5 Tips to Help Teachers Who Struggle with Technology. (n.d.). Edutopia. Retrieved July 31, 2020, from https://www.edutopia.org/blog/help-teachers-struggling-with-technology-josh-work

5 ways to empower teachers to build a positive, innovative school culture. (2015, February 12). The Cornerstone For Teachers. https://thecornerstoneforteachers.com/5-ways-to-empower-teachers-to-build-a-positive-innovative-school-culture/

Administrators, Empower Your Teachers. (n.d.). Edutopia. Retrieved July 31, 2020, from https://www.edutopia.org/discussion/administrators-empower-your-teachers

ISTE Standards for Coaches | ISTE. (n.d.). Retrieved July 22, 2020, from https://www.iste.org/standards/for-coaches

Miller, A. (2015, May 11). Avoiding Learned Helplessness. Edutopia. https://www.edutopia.org/blog/avoiding-learned-helplessness-andrew-miller

rokham. (2018, March 28). 3 methods to overcome learned helplessness and boost optimism. Psychology Compass. https://psychologycompass.com/blog/overcoming-learned-helplessness/

Role reversal.pdf. (n.d.). Google Docs. Retrieved July 30, 2020, from https://drive.google.com/file/d/0B5W5P9bQJ6q0a2s3TFpaUU9scXc/view?usp=drive_open&usp=embed_facebook

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Supporting Equitable Learning Opportunities

So what does it mean to teach remotely and how do we make sure that we are providing opportunities that are culturally relevant and equitable? For this module I decided to focus on indicator 3b of the ISTE Collaborator Coaching Standard.

Partner with educators to identify digital learning content that is culturally relevant, developmentally appropriate and aligned to content standards.

As I read over this indicator I began to think about what it means to me and how as a coach I might work with educators around this. Some of the questions I was really curious to explore were;

How can coaches support educators in providing learning opportunities to students that are developmentally appropriate and engaging? How can educators make sure that students and families have the resources needed in order to fully participate and engage in virtual learning? What resources and supports are currently out there that can be used in a virtual setting to provide equitable learning opportunities?

Through my research I came across several different articles and resources that talked about different strategies for making distance learning equitable and engaging for students and families. One thing that stood out in all of the resources was the need for people to feel connected. No matter who we are students,  families, educators we all want to feel connected to what we’re doing in the classroom. So it’s important as a coach and an educator to work together to figure out how we can keep students and families feeling connected to learning and how we support that. Some ways that are suggested for keeping students and families connected is to check in regularly with students and families. We may need to think though about how we’re doing this. It can’t be the same ways that we did it when we were in person and in the classroom. We might have to take time to reach out individually one-on-one with each family call them, text them use other means besides just email to get in touch with families. We also don’t have to do this alone. It’s important to work together as a school community and partner up to work together with our student’s other teachers to maybe share the responsibility of reaching out to families. Maybe one week Teacher A reaches out and the next week it’s Teacher B that reaches out, or jump on a call together but we should always have that consistent weekly interaction with our students and our families.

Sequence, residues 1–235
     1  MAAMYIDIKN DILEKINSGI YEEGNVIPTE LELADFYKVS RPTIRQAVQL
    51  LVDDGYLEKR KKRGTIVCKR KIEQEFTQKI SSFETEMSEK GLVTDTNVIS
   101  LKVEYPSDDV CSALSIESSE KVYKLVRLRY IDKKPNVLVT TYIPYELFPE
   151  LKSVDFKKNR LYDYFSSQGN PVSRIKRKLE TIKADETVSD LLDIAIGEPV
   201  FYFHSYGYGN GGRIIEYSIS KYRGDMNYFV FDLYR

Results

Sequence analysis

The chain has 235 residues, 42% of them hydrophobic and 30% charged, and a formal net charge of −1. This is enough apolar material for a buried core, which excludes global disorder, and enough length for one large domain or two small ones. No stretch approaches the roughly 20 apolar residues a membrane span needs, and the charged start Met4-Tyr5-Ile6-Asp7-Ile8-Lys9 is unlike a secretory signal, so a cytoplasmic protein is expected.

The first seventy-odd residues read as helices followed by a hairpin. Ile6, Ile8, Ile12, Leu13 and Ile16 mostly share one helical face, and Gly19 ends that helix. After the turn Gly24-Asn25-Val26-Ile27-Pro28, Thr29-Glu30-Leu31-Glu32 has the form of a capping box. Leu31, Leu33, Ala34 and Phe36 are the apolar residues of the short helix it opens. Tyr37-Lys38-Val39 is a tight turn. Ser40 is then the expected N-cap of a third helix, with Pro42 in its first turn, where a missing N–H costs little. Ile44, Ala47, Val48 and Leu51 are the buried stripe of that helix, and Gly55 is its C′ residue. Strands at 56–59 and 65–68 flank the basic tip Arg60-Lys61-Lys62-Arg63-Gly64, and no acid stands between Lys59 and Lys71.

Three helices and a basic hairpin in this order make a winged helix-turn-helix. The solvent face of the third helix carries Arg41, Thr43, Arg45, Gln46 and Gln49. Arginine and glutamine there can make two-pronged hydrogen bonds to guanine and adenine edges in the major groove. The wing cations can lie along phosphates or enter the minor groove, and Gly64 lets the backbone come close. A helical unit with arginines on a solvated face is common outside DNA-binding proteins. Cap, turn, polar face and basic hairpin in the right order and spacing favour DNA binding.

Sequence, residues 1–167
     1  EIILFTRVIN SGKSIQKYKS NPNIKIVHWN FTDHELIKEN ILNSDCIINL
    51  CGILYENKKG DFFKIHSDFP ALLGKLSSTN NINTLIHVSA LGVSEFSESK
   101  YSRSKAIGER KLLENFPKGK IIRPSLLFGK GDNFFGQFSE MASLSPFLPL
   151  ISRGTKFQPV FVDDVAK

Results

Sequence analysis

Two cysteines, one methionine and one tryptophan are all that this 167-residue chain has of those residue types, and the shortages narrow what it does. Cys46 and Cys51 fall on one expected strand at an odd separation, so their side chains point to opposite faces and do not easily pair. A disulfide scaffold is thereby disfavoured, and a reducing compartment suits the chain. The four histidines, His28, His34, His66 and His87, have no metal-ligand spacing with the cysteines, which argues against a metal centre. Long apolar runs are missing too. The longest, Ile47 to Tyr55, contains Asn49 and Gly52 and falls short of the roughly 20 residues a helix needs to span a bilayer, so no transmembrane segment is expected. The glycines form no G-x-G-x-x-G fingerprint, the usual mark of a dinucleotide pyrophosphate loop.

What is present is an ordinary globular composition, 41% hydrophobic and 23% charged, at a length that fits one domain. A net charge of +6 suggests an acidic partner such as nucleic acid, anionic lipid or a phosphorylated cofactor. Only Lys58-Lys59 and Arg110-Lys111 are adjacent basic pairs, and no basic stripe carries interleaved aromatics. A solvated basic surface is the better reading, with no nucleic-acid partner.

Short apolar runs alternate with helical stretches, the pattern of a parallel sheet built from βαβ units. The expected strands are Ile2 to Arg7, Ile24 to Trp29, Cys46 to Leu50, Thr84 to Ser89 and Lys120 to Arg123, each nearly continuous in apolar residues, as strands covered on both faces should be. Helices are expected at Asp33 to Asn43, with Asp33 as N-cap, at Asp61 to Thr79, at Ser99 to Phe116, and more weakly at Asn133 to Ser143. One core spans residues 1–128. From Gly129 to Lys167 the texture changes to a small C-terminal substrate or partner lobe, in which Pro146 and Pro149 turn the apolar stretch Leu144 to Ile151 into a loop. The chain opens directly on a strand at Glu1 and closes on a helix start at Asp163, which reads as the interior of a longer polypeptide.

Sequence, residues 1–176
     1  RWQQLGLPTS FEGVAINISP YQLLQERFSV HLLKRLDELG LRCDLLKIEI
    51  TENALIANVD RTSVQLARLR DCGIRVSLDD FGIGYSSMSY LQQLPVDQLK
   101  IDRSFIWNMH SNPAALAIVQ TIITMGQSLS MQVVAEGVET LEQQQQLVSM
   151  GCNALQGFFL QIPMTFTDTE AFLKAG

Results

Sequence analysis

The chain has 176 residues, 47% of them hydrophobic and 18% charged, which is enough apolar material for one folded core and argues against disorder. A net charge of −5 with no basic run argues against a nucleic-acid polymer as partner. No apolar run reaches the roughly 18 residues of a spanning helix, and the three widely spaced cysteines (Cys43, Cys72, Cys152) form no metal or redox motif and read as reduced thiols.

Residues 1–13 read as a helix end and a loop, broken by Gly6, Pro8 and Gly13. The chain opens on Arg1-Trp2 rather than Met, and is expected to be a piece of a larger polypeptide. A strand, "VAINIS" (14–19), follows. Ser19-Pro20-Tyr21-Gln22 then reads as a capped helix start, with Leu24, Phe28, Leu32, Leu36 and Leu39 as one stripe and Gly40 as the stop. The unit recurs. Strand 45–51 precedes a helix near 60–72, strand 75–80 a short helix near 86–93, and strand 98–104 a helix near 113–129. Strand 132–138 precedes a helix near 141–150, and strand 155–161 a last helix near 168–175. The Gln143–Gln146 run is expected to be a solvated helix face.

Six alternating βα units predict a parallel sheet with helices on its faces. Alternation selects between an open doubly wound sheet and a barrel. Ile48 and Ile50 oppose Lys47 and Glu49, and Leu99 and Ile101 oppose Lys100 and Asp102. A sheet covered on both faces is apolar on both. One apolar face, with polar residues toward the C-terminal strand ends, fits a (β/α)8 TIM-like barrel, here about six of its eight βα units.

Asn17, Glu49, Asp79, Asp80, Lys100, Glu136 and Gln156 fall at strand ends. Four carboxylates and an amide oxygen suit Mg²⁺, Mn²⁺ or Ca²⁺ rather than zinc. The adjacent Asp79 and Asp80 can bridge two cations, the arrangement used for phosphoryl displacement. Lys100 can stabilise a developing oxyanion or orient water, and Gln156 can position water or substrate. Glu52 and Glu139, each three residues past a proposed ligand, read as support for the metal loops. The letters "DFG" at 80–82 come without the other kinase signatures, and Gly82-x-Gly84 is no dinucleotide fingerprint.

Something else that stood out to me was how we assess the resources that we are providing students and families. We must make sure that we provide students and families resources that actually allow for students to fully participate and engage. That means we should be assessing and making sure that the tool we are suggesting can be used on a variety of platforms. It’s important to really look at the tool and decide if this is something that my student could use on a mobile device, can it be used offline or is it only able to be used on one particular platform. It’s important that the resources we are providing can be used in multiple different ways. If we want students to be able to engage, then we need to make sure that they can no matter what it is they’re engaging on, whether that’s on a phone or a laptop or a tablet or if Wi-Fi is unpredictable maybe they need paper packets. That might also mean that we as teachers or a district need to provide those materials either by mailing it to families or having it somewhere where families can come and pick it up during a set time.

Is also important as a coach that I support educators in thinking flexibly about their instruction. I need to be able to support those that I work with in delivering instructional lessons that are flexible in how students engage with them, how students showcase their understanding and even in the ways that educators deliver the content. Three things that Snelling (2020) mentions in her blog post, 7 ways to make remote learning accessible to all students are;